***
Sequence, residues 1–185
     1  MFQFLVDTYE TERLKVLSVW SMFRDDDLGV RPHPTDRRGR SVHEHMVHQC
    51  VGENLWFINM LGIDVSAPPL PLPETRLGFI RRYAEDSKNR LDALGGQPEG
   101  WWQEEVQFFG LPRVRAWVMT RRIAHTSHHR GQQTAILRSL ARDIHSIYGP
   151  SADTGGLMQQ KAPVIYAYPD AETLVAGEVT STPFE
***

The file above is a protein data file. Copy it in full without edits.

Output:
Sequence, residues 1–185
     1  MFQFLVDTYE TERLKVLSVW SMFRDDDLGV RPHPTDRRGR SVHEHMVHQC
    51  VGENLWFINM LGIDVSAPPL PLPETRLGFI RRYAEDSKNR LDALGGQPEG
   101  WWQEEVQFFG LPRVRAWVMT RRIAHTSHHR GQQTAILRSL ARDIHSIYGP
   151  SADTGGLMQQ KAPVIYAYPD AETLVAGEVT STPFE